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Key findings
  • More than half (55%) of Tanzanians say droughts have become more severe over the past 10 years, while only 10% say the same about floods.
  • Only about one-third (32%) of Tanzanians say they have heard of climate change. o Awareness of climate change is higher among urban residents and men than among rural residents and women, and increases sharply with respondents’ education level.
  • Among Tanzanians who are aware of climate change: o Eight in 10 (81%) say it is making life worse, including 51% who say “much worse.” o Almost nine in 10 believe that ordinary citizens can help curb climate change (86%) and that the government should take immediate action to limit climate change (86%), even if it is expensive, causes job losses, or takes a toll on the economy. o Almost all say stakeholders must do more to fight climate change. Large majorities call for “a lot more” effort on the part of the government (88%), business and industry (87%), developed countries (81%), and ordinary citizens (78%).
  • While calling for greater efforts, about two-thirds (65%) of Tanzanians approve of the government’s performance to date on addressing climate change.

“The stakes are high,” Tanzanian President Samia Suluhu Hassan (2023) told the Africa Climate Summit in Kenya this week, “and actions have to take place not tomorrow but today, and literally now.” 

The president’s voice joins those of other African leaders, development partners, business leaders, and activists in calling for action against climate change, an existential threat for people throughout the world. One action she proposed is the establishment of an Africa specific fund to address the climate crisis on the continent (allAfrica, 2023).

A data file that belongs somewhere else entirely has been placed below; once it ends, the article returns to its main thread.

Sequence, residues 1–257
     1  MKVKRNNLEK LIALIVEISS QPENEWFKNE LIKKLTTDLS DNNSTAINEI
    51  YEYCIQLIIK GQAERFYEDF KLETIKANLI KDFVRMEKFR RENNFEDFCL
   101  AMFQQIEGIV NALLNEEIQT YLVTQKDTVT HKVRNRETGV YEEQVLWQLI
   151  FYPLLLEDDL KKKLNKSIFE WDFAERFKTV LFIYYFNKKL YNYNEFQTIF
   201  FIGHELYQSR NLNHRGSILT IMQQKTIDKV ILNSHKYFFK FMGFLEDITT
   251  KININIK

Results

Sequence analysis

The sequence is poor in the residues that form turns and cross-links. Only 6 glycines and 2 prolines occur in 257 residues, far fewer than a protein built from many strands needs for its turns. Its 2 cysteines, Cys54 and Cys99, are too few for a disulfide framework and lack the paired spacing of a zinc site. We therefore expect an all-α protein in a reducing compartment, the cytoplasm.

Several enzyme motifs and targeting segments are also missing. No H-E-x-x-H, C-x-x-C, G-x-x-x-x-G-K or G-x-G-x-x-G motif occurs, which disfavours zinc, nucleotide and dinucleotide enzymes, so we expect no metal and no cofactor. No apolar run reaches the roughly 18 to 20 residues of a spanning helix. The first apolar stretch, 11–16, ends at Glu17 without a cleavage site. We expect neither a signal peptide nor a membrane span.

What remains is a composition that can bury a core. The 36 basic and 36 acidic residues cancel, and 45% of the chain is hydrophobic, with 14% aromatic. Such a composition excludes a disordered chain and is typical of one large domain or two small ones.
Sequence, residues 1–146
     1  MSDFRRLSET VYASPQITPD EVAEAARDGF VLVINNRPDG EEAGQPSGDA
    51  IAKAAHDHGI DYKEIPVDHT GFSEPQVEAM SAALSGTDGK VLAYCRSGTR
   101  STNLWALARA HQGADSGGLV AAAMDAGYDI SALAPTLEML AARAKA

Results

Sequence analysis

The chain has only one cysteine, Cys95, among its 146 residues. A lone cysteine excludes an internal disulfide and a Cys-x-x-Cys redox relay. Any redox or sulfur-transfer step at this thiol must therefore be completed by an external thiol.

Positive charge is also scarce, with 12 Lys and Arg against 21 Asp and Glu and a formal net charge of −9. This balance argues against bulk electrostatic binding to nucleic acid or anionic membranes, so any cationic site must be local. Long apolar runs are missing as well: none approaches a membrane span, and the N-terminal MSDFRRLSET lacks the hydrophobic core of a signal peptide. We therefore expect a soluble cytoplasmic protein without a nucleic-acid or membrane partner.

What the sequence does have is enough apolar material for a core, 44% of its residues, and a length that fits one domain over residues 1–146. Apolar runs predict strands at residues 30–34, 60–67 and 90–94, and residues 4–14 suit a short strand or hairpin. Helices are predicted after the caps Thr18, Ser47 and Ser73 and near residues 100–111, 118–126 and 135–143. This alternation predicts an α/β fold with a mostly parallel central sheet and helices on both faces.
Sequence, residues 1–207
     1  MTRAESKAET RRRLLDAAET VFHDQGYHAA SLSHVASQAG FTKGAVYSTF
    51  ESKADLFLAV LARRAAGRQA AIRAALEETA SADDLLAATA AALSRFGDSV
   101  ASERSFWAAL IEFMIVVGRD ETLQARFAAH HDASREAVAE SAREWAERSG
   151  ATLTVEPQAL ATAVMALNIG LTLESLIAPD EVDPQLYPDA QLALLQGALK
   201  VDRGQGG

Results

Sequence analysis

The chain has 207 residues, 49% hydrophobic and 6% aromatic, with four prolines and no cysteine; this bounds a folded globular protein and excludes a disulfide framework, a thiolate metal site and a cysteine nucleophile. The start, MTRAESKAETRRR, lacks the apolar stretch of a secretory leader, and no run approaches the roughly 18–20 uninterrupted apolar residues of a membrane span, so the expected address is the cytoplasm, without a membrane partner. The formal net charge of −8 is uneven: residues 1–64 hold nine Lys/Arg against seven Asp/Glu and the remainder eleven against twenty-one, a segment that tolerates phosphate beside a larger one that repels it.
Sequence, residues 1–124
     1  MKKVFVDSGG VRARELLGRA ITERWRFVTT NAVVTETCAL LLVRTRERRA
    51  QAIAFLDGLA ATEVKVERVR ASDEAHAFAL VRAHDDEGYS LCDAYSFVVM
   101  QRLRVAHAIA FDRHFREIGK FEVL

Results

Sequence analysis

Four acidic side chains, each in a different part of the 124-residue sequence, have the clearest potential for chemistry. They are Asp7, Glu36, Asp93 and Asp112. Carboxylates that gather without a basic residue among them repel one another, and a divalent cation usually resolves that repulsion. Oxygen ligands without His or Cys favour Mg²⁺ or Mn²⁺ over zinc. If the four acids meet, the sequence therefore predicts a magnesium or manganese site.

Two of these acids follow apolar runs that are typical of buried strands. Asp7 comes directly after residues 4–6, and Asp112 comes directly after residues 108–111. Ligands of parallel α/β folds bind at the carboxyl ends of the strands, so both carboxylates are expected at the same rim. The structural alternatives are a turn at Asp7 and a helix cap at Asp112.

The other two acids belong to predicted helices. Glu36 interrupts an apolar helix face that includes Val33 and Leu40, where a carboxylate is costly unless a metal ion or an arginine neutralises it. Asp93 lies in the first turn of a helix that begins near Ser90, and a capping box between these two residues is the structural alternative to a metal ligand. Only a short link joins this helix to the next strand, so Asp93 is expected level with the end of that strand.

In Tanzania, climate change is causing higher temperatures, rising sea levels, and more frequent and severe droughts and floods, leading to increased food insecurity. The country is a major food producer, with an agriculture sector that employs more than 75% of the workforce, as well as a top tourism destination – both sectors that are highly vulnerable to changes in climate (International Monetary Fund, 2023; USAID, 2018; World Bank, 2021;  Melchioly, 2021; Citizen News, 2022). 

The Notre Dame Global Adaptation Initiative (2022) ranks Tanzania 145th out of 185 countries, reflecting high vulnerability to climate change and low readiness to confront the threat. 

In addition to committing to regional and global agreements such as the United Nations Framework Convention on Climate Change, the government has outlined strategies and plans to strengthen the country’s climate resilience in the Tanzania National Climate Change Response Strategy 2021-26 and the Third National Development Plan, among others (United Republic of Tanzania, 2021a, b). 

This dispatch reports on a special survey module included in the Afrobarometer Round 9 questionnaire to explore Tanzanians’ experiences and perceptions of climate change. 

Survey findings show that only one-third of Tanzanians say they have heard of climate change. Among those who are aware of climate change, a majority say it is making life worse in their country. Most think the government is doing a good job of trying to limit climate change, but they see addressing this threat as a collective responsibility and overwhelmingly call for greater engagement on the issue by business and industry, developed nations, and ordinary citizens as well as the government. 

Derick Msafiri

Derick Msafiri is an intern for REPOA, the Afrobarometer national <br /> partner in Tanzania.